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(programming, mathematics)
A number representation consisting of a mantissa, M, an exponent, E, and a radix (or "base"). The number represented is M*R^E where R is the radix.

In science and engineering, exponential notation or scientific notation uses a radix of ten so, for example, the number 93,000,000 might be written 9.3 x 10^7 (where ^7 is superscript 7).

In computer hardware, floating point numbers are usually represented with a radix of two since the mantissa and exponent are stored in binary, though many different representations could be used. The IEEE specify a standard representation which is used by many hardware floating-point systems. Non-zero numbers are normalised so that the binary point is immediately before the most significant bit of the mantissa. Since the number is non-zero, this bit must be a one so it need not be stored. A fixed "bias" is added to the exponent so that positive and negative exponents can be represented without a sign bit. Finally, extreme values of exponent (all zeros and all ones) are used to represent special numbers like zero and positive and negative infinity.

See also floating-point accelerator, floating-point unit.

Opposite: fixed-point.
References in periodicals archive ?
The Xtensa LX7 release also provides new tools, including a new hardware floating-point application binary interface (ABI) for increased floating-point C/C++ performance, as well as compiler and C library enhancements to add C99 complex float support.
Architectural Modification to Enhance the Floating-Point Performance of FPGAs.
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These complex systems in military applications such as radar and EW are first simulated or modeled using floating-point data processing, using C or MATLAB software.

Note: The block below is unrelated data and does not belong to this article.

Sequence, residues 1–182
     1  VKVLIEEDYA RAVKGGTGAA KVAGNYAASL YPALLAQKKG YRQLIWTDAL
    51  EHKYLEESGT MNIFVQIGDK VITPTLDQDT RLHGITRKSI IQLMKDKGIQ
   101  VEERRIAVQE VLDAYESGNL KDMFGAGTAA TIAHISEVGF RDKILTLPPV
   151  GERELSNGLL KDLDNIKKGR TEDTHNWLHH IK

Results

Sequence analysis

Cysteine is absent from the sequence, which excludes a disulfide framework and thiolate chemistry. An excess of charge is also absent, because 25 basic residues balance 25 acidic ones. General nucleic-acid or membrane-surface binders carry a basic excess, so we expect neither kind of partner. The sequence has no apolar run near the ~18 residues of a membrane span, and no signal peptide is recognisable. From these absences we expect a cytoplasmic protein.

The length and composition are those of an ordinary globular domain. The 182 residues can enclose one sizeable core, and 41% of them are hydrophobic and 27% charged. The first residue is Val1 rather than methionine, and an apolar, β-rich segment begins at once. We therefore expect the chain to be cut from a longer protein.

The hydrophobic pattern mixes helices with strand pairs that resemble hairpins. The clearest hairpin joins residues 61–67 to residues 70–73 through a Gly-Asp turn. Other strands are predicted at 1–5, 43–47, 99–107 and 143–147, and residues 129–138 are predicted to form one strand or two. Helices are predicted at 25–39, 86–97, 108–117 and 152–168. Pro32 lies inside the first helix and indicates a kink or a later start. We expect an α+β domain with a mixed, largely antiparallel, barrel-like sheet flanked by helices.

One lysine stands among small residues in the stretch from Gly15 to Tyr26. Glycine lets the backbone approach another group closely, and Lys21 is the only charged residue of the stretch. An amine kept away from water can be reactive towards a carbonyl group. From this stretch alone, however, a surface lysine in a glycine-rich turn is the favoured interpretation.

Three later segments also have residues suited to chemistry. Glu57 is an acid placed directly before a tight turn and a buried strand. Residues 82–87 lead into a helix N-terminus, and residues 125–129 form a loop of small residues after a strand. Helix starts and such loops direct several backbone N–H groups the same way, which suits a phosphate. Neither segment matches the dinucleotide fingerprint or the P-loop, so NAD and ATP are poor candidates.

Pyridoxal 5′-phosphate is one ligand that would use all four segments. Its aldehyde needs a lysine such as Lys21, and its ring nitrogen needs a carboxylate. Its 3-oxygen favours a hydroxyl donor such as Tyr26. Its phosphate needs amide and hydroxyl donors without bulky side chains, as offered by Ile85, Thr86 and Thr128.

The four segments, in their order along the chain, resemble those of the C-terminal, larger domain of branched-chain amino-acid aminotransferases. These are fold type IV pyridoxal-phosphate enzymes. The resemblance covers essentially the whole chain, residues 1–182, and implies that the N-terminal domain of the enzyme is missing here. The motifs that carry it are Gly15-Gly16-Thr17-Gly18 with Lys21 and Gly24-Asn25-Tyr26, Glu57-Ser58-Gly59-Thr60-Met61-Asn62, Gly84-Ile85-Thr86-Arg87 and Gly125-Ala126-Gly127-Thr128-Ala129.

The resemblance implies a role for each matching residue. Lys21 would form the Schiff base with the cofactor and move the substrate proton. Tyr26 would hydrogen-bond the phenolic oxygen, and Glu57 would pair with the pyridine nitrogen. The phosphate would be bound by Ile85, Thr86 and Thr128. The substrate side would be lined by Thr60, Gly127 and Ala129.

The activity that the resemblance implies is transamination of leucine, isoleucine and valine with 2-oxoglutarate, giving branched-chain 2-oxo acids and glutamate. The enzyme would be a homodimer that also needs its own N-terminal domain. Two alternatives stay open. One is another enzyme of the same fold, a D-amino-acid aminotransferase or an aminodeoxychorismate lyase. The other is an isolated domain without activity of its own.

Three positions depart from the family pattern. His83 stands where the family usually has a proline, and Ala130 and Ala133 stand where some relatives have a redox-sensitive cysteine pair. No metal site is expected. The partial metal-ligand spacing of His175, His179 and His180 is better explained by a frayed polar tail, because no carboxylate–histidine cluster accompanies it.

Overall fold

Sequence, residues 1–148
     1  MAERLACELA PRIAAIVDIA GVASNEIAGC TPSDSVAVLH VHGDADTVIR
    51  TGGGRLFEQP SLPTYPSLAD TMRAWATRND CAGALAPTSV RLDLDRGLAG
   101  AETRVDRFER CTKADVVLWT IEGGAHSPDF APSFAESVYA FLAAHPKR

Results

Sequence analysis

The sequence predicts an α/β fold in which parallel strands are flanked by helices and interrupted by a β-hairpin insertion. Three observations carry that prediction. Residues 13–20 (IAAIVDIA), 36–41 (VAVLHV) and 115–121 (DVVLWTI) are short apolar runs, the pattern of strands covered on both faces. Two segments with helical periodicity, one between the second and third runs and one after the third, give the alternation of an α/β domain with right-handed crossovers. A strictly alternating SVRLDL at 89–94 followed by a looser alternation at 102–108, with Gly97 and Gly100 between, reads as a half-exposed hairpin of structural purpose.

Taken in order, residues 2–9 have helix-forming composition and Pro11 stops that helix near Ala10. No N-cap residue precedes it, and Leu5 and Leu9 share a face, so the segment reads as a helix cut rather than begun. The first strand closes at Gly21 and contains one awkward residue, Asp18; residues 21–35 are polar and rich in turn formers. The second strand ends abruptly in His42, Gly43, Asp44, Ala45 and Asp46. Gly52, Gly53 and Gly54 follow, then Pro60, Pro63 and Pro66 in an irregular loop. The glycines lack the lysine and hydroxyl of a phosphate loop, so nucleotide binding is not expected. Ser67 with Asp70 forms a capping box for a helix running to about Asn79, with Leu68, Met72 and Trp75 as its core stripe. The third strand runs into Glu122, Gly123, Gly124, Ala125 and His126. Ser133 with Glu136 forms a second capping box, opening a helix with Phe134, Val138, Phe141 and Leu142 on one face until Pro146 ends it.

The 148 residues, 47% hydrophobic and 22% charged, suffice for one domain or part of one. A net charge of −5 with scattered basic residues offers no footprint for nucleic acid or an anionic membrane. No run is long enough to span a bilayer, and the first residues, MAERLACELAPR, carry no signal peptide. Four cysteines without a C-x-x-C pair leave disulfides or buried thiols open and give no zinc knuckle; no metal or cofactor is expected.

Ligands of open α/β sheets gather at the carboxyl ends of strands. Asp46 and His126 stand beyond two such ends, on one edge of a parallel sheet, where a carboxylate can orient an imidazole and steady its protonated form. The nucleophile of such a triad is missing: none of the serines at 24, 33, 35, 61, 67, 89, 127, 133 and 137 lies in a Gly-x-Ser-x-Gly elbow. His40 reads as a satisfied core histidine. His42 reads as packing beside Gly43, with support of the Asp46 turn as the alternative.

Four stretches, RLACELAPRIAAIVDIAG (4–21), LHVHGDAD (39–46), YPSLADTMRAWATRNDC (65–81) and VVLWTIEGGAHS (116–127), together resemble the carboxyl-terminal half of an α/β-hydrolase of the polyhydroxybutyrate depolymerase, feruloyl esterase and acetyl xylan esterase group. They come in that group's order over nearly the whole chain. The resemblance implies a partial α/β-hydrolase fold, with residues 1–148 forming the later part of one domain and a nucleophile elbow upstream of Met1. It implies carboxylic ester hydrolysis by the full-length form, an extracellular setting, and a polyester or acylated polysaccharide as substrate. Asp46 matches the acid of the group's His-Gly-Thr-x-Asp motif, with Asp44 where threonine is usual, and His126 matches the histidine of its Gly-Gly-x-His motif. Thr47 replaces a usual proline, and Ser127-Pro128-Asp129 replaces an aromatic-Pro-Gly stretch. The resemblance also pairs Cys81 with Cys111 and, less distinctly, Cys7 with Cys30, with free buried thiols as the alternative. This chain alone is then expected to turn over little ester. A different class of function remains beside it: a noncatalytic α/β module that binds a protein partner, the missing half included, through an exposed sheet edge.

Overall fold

A GFLOP is equal to a billion floating-point operations per second.
Furthermore, predictions based on the growth in the size of mathematical models solved as the memory and speed of computers increase suggest that floating-point arithmetic with unit roundoff [approximately equals] [10.
Microsoft says the software can test the processor to determine if the division flaw is present and can use software floating-point emulation in place of the faulty floating-point hardware if the customer has chosen this option.
Computer-aided design and manufacturing programs, for example, frequently pass data between disk and RAM, a process that relies on integer performance; visualization and analysis applications rely on floating-point performance and graphics processing; and concurrent-engineering functions require sufficient network resources.
To overcome that difficulty, computer scientists in the 1950s developed the floating-point system of arithmetic, expressing each number in two parts.

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